PuMaGraSS is a friendly graduate student seminar that takes place every Friday during the semester and includes (free!) lunch. Every week features a casual talk by a graduate student from our department on an exciting mathematical topic.

Although there is a "pure" in the name of the seminar, we also welcome talks on combinatorics, probability theory, dynamical systems and more!

**Time:**Fridays 12 PM - 1 PM**Room:**2-449 (For Fall 2020, Zoom)**Mailing List (subscribe or unsubscribe)****Speaker signup sheet**

Date | Speaker | Title |
---|---|---|

Sep. 25, 2020 | Ethan Sussman | What is a Quantum Field Theory? |

Oct. 2, 2020 | Yan Sheng Ang | Computing fractal dimension: McMullen's eigenvalue algorithm |

Oct. 9, 2020 | Jonathan Tidor | Roth's Theorem in F_3^n |

Oct. 16, 2020 | Elia Portnoy | Knot Distortions |

Oct. 23, 2020 | Alexey Balitskiy | On the isometric conjecture of Banach, which might not hold for dimension 133 |

Oct. 30, 2020 | Anlong Chua | Positive polynomials and sums of squares |

Nov 6, 2020 | Andrey Khesin | What is the configuration space of a cockroach? |

Nov 13, 2020 | Pu Yu | The KPZ equations & their applications |

Nov 20, 2020 | Robin Elliott | Auction Theory |

Dec 4, 2020 | Roger Van Peski | TBD |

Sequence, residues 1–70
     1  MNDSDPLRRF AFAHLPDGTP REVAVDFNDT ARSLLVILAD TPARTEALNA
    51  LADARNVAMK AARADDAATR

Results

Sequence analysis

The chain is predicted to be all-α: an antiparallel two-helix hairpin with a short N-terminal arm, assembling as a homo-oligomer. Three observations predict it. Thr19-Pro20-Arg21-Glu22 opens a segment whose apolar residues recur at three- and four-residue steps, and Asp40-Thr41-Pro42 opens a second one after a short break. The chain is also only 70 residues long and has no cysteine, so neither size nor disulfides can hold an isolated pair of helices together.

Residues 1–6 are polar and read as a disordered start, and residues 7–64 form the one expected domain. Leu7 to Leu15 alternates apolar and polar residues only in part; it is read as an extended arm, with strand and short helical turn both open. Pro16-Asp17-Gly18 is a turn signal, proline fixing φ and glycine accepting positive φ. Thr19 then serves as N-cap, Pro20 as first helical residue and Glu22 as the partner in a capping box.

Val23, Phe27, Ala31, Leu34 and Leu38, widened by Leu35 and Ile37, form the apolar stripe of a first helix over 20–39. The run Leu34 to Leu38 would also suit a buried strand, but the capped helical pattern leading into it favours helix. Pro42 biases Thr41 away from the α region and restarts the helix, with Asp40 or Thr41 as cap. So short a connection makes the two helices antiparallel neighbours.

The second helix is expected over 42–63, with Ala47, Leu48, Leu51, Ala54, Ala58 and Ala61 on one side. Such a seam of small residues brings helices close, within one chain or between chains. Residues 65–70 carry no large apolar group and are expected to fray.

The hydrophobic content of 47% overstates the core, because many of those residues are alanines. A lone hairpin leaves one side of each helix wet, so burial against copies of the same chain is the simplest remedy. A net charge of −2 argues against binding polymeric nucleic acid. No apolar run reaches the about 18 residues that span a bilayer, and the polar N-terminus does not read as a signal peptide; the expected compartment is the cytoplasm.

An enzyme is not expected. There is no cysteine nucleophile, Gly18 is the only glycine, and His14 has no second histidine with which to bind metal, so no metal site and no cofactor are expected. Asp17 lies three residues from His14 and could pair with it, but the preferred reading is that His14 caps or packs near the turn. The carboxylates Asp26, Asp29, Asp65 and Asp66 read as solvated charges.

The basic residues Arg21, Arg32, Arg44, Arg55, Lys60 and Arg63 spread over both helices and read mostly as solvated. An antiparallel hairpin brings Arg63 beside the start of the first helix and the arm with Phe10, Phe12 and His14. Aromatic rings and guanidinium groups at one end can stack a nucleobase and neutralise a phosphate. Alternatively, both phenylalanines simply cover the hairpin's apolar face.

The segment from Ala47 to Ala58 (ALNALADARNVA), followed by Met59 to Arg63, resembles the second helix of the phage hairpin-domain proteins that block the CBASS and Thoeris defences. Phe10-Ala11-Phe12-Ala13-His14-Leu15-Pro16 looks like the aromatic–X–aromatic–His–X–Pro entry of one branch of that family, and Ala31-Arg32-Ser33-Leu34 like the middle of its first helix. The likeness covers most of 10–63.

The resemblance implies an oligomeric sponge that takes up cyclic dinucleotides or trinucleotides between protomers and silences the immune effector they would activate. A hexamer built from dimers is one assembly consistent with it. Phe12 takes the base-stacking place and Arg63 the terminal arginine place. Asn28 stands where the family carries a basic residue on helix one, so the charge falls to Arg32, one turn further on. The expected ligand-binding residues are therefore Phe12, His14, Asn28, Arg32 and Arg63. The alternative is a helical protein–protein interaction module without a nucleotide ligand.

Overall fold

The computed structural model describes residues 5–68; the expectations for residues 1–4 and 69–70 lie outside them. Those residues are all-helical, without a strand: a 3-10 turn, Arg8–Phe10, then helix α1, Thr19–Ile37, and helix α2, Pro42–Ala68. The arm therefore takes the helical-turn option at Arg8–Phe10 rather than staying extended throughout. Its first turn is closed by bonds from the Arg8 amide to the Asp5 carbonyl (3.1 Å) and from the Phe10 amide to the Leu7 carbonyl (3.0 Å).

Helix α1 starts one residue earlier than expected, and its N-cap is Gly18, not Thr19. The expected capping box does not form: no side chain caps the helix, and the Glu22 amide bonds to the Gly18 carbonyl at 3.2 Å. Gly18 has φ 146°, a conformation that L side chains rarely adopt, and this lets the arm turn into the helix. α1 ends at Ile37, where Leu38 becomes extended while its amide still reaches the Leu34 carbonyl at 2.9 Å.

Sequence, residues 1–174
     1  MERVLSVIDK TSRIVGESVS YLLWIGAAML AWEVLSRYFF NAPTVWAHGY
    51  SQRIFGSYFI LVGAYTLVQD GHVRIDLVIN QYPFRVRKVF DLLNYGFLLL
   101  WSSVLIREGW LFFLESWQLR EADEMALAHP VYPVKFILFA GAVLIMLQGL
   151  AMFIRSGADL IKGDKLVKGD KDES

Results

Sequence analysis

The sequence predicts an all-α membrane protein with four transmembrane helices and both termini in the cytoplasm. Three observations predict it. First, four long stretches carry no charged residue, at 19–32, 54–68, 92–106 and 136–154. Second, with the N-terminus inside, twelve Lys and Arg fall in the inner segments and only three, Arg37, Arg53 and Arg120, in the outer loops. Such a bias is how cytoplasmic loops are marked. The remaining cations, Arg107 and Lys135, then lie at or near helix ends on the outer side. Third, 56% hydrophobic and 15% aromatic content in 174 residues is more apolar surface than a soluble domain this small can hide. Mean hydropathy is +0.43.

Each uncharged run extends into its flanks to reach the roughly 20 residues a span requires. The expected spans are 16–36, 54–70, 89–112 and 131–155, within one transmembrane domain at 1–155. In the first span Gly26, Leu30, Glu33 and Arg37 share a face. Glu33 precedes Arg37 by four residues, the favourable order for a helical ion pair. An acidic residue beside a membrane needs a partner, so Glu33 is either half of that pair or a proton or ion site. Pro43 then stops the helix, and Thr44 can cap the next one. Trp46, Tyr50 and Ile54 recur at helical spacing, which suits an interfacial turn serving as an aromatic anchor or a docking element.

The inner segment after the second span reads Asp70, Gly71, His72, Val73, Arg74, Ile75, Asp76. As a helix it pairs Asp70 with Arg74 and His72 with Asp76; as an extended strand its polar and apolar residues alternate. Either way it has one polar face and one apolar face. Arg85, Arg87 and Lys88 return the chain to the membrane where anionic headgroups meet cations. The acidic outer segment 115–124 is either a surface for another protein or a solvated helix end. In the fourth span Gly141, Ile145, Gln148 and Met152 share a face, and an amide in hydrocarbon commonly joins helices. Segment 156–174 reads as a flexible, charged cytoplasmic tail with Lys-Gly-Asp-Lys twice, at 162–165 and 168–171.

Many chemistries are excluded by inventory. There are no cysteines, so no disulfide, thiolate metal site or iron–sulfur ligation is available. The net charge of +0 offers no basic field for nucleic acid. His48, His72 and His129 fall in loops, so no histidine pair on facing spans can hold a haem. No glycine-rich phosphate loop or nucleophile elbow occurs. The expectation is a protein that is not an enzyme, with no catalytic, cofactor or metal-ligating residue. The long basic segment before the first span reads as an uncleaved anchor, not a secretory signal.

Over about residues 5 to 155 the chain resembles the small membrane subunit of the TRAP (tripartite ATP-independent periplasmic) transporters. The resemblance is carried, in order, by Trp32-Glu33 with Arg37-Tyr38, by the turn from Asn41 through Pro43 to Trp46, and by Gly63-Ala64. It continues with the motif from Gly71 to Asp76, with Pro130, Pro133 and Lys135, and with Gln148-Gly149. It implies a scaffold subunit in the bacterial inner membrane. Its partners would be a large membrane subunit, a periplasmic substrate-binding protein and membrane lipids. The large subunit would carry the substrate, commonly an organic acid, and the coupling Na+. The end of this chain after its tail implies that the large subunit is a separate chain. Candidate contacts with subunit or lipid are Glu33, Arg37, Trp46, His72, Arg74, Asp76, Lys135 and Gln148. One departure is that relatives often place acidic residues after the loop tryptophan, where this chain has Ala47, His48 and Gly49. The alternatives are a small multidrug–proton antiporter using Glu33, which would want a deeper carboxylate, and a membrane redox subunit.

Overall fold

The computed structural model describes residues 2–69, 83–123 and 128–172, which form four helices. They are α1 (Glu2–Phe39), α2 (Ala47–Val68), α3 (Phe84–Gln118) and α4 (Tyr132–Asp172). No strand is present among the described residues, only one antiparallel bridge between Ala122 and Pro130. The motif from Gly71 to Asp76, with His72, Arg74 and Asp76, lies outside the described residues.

It is a tradition that three second year PhD students run PuMaGraSS. It is a fantastic experience!

**2020-2021:**Catherine Wolfram, Calder Morton-Ferguson, Alexander Ortiz**2019-2020:**Luis Kumanduri, Ethan Sussman, Roger Van Peski**2018-2019:**Robert Burklund, Greg Parker, Ruoxuan Yang**2017-2018:**Robin Elliott, Jesse Freeman, Kaavya Valiveti

**Why should I give a talk?**- It's a great chance to practice giving a talk in an informal and friendly setting;
- You can share some cool mathematics you have been thinking about recently, can be your own work or other's work;
- You get a free meal from the restaurant of your choice;
- Your fellow students will know you better;
- As the old saying goes, there's no better way to learn than to give a PuMaGraSS talk.
**What makes a good PuMaGraSS talk?**- A broad outlook of a line of research, for instance something you may have seen in lectures, seminars, or work by your advisor;
- Anything that's well-suited to pictures and visual aids rather than technical details;
- Something that everyone, especially non-experts, can get something out of. Applications and down-to-earth examples work wonders!